After we all went into the nave, the intense feeling of the tradition and holiness in the rite continued. The priest said a prayer of exorcism, which was part of the reason we wanted to have the Latin Rite instead of the newer, watered-down version. I think the only mention of Satan in my Baptism or that of my other children was when the priest asked if we reject him, and we said, “I do.” This renunciation is present in the old rite as well, along with several other explicit prayers of exorcism. I especially liked when the priest said, “And this sign of the holy Cross, which we make upon his forehead, do thou, accursed devil, never dare to violate.”

Like placing a shield on our baby. The biggest, strongest, most impenetrable shield possible, the Cross.


The rest of the Baptism continued in a manner fairly similar to the Baptisms I have observed before. The usual symbols and sacramentals were there. The water, the fire, the white garment, the oil. But there was so much more.


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After the Baptism Rite itself, my husband and I were surprised that the priest instructed us to say an act of consecration to Mary in front of the nativity. He pulled the kneeler over, and we knelt to say one of the most beautiful prayers I have ever said (he gave it to us to read). At several points during this part, I got a bit choked up as I prayed the words dedicating my little son to our Blessed Mother.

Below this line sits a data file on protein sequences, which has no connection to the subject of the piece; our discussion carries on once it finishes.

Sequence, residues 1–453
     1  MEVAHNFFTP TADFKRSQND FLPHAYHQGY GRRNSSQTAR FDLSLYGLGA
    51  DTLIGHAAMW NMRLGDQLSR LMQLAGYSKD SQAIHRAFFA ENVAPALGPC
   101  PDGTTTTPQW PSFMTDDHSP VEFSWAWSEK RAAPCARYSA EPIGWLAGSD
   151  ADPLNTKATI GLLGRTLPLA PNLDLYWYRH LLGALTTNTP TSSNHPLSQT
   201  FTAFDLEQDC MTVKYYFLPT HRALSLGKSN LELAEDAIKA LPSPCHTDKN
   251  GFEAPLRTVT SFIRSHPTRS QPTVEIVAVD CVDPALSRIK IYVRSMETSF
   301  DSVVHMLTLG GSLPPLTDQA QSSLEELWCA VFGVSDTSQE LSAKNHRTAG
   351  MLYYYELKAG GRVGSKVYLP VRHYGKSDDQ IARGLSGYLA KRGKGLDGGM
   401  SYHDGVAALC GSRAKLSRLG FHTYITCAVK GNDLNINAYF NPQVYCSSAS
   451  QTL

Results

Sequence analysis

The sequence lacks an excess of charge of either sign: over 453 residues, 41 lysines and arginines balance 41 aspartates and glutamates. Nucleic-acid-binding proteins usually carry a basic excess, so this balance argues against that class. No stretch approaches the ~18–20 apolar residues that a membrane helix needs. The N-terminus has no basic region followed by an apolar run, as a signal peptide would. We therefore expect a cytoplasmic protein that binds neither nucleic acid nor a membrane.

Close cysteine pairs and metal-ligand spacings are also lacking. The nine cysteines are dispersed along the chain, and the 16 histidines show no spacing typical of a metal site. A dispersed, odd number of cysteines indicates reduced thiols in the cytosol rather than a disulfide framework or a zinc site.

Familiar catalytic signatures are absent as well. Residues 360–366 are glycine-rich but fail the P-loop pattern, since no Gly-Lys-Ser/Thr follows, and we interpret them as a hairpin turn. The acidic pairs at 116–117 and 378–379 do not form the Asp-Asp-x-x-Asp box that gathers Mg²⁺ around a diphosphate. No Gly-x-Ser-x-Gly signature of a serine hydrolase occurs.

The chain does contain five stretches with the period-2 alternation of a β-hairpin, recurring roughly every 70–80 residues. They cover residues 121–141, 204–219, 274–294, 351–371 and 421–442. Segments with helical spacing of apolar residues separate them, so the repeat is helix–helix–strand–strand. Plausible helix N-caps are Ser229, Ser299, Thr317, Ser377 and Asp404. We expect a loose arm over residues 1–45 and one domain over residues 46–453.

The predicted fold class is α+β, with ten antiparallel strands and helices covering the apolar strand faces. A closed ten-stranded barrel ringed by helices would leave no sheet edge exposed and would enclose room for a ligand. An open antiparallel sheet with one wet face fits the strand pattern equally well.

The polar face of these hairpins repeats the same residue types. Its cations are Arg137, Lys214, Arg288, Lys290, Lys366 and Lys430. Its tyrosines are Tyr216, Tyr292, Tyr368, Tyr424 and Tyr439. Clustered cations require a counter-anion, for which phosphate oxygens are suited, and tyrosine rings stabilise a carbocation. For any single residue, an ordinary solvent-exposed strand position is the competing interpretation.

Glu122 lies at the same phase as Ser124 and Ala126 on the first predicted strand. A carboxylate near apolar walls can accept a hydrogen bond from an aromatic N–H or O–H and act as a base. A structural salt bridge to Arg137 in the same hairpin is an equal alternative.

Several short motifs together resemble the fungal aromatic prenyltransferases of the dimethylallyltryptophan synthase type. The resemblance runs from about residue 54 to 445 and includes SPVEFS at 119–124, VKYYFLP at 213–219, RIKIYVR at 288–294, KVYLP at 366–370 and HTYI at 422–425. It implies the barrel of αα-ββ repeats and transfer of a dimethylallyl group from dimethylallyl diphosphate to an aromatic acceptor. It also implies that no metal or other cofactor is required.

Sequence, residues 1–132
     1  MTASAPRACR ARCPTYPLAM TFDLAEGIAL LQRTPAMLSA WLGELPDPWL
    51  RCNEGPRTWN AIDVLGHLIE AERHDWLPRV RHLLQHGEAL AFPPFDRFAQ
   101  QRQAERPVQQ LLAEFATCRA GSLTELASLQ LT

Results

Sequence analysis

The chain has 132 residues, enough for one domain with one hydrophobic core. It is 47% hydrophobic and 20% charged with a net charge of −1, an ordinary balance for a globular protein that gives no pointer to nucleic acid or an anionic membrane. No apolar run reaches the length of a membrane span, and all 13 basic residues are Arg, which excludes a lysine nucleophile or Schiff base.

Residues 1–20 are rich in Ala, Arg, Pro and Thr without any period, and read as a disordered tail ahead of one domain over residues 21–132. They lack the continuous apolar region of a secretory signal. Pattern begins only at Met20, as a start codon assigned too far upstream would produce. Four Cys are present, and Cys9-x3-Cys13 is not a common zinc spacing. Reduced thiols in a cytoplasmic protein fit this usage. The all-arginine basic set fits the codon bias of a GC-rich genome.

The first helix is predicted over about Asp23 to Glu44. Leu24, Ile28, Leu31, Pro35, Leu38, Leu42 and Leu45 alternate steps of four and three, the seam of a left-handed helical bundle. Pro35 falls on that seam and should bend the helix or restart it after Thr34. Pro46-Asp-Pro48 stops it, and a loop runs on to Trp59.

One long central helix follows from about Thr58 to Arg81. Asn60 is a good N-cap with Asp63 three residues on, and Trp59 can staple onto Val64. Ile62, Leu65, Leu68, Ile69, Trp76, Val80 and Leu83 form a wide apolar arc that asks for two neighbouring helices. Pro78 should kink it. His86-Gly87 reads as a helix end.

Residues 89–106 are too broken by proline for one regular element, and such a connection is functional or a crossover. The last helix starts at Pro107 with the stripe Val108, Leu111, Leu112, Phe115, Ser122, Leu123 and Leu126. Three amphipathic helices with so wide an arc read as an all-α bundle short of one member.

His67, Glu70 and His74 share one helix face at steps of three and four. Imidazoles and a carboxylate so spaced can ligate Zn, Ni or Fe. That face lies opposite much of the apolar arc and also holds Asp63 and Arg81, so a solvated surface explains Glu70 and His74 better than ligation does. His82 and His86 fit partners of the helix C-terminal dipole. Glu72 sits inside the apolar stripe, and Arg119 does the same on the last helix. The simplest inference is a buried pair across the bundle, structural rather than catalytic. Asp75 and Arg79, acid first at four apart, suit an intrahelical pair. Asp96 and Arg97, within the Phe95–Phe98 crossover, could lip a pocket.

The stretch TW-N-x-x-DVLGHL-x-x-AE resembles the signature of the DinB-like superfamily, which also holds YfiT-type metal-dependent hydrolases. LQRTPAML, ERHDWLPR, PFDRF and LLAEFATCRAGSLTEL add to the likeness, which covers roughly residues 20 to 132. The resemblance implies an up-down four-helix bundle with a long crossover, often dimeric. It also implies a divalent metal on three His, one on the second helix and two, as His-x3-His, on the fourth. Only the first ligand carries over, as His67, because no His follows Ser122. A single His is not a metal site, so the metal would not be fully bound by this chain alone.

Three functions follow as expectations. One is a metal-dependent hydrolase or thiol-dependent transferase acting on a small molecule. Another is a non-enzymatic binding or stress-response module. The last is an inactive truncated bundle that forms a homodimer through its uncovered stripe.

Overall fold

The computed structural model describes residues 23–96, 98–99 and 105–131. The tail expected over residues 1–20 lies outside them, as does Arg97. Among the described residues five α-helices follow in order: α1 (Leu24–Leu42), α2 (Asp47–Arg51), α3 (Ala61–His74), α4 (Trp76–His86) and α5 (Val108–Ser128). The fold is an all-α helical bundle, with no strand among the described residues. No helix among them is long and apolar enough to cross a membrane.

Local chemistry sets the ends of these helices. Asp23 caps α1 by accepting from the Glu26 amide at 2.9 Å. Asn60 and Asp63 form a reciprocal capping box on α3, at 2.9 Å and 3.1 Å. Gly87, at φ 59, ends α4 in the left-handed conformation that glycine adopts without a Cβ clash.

It was the perfect ending to a truly sublime sacrament.


Welcome to the Church, sweet boy.


Sometimes, I am awful. There are days when I yell at my kids. Days when I snap at them for small mistakes. Days when I even make them cry.

I’m sure I don’t need to tell you how horrifying I find this. How much I hate this about myself. How hard it is to even type these words.

I was never an angry person before having kids. I almost never yelled. Which makes it all the more puzzling and frustrating to me that I do it now.

I understand some of the triggers for this anger and ugly behavior. Sleep deprivation. Hunger. Being hurried. I have made some progress and improvement by trying to manage these triggers. Getting more sleep (sometimes, though this is really, really hard for me), eating well, making sure that we have plenty of time to get ready to go somewhere, etc.

But still, I fail.